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Supreme Court of Georgia.


No. S09G1783.

Decided: October 18, 2010

We granted certiorari in this case to consider whether a condition of a title insurance commitment was satisfied when the borrower who executed a security deed, it is later discovered, was an imposter who forged the true owner's name on the deed. The Court of Appeals held that the condition was satisfied, see Keyingham Investments v. Fidelity Nat. Title Ins. Co., 298 Ga.App. 467 (680 S.E.2d 442) (2009), and we affirm.

1. The Court of Appeals's opinion contains a detailed account of the facts, see id. at 468-469, and they will only be reiterated here as necessary. The title commitment condition at issue was as follows:

Documents satisfactory to the Company creating the interest in the land and/or mortgage to be insured must be signed, delivered and recorded:

a) Execution, recording and delivery of a Security Deed in the original amount of [$] 106000, in favor of [the lenders], to secure subject property.

Relying on Glass v. Stewart Title Guaranty Co., 181 Ga.App. 804 (354 S.E.2d 187) (1987), Fidelity National Title Insurance Company (“Fidelity”) contends that a forged deed is void ab initio and does not create an interest in the property and that, without such an interest, no title insurance can issue. Glass stated this proposition but cited only cases addressing whether someone who unknowingly buys property based on a forgery holds superior title to the true owner, not cases addressing whether title insurance purchased by the unknowing buyer covers the risk of a forgery. See id. at 805.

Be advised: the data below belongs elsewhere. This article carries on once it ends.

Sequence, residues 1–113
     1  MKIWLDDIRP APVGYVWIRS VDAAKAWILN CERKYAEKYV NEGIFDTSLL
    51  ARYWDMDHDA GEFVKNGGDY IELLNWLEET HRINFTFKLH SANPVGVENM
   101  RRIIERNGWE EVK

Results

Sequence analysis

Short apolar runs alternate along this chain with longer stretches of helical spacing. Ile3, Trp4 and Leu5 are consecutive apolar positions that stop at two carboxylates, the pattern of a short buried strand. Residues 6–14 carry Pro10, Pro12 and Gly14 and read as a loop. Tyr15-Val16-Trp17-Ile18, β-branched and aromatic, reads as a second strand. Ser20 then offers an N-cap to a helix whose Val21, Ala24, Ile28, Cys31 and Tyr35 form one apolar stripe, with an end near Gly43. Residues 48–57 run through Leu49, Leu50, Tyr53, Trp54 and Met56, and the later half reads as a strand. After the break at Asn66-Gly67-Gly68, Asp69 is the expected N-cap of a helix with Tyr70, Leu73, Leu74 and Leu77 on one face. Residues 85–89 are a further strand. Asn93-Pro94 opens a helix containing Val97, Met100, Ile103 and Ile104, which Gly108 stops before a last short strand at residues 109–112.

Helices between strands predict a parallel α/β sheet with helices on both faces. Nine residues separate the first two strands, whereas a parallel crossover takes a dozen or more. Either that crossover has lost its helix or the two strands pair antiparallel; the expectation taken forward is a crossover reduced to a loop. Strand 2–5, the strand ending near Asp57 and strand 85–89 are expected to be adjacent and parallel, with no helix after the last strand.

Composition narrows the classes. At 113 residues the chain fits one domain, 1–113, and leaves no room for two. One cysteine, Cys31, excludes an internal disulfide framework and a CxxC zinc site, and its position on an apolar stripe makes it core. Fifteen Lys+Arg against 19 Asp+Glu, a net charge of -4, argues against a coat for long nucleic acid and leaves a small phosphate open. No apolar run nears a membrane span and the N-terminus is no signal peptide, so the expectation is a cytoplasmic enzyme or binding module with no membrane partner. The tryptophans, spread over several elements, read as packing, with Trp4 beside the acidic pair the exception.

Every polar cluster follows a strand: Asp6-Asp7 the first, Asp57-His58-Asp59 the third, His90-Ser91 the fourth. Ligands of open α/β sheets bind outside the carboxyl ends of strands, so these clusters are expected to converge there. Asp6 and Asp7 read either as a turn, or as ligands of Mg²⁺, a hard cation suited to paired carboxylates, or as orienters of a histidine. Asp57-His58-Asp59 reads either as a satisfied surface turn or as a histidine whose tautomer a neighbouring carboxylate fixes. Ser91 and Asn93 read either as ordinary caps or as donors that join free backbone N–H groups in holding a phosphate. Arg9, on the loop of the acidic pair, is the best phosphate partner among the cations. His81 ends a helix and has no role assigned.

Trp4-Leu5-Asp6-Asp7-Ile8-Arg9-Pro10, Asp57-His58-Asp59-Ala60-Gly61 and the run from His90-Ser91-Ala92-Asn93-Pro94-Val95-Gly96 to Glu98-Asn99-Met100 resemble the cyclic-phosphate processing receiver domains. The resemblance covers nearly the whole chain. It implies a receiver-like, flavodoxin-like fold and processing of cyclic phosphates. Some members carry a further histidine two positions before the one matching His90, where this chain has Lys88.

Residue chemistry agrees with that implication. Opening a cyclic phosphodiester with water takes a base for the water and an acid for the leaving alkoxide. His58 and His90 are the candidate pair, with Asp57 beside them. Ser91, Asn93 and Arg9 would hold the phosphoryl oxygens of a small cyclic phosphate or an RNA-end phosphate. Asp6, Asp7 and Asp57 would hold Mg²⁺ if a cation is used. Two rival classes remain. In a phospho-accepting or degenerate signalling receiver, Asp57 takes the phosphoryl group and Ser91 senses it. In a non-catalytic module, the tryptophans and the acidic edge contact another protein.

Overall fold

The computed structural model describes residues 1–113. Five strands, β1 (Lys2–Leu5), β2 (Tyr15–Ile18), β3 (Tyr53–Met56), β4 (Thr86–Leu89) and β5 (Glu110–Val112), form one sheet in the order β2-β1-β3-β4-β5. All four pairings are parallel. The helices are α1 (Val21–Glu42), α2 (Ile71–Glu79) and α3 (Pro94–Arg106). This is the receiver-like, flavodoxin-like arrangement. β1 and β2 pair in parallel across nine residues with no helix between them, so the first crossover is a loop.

As properly recognized by the Court of Appeals in this case, Fidelity's argument “ignores that one of the very purposes of title insurance is to protect a party from the consequences of forgery in the chain of title, which necessarily results in the party not receiving an interest in the land.” Keyingham, 298 Ga.App. at 471 (citing numerous authorities) (emphasis deleted). See also FTC v. Ticor Title Ins. Co., 504 U.S. 621, 626 (112 SC 410, 119 LE2d 410) (1992) (explaining that title insurance protects an insured from “losses resulting from title defects not discoverable from a search of the public records, such as forgery, missing heirs, previous marriages, impersonation, or confusion in names”); Michael Braunstein, Structural Change and Inter-Professional Competitive Advantage: An Example Drawn From Residential Real Estate Conveyancing, 62 Mo. L.Rev. 241, 248 (1996) (“[T]itle insurance provides coverage against hidden risks. Thus, title insurance protects the purchaser against such defects as a forged, stolen or undelivered deed.”).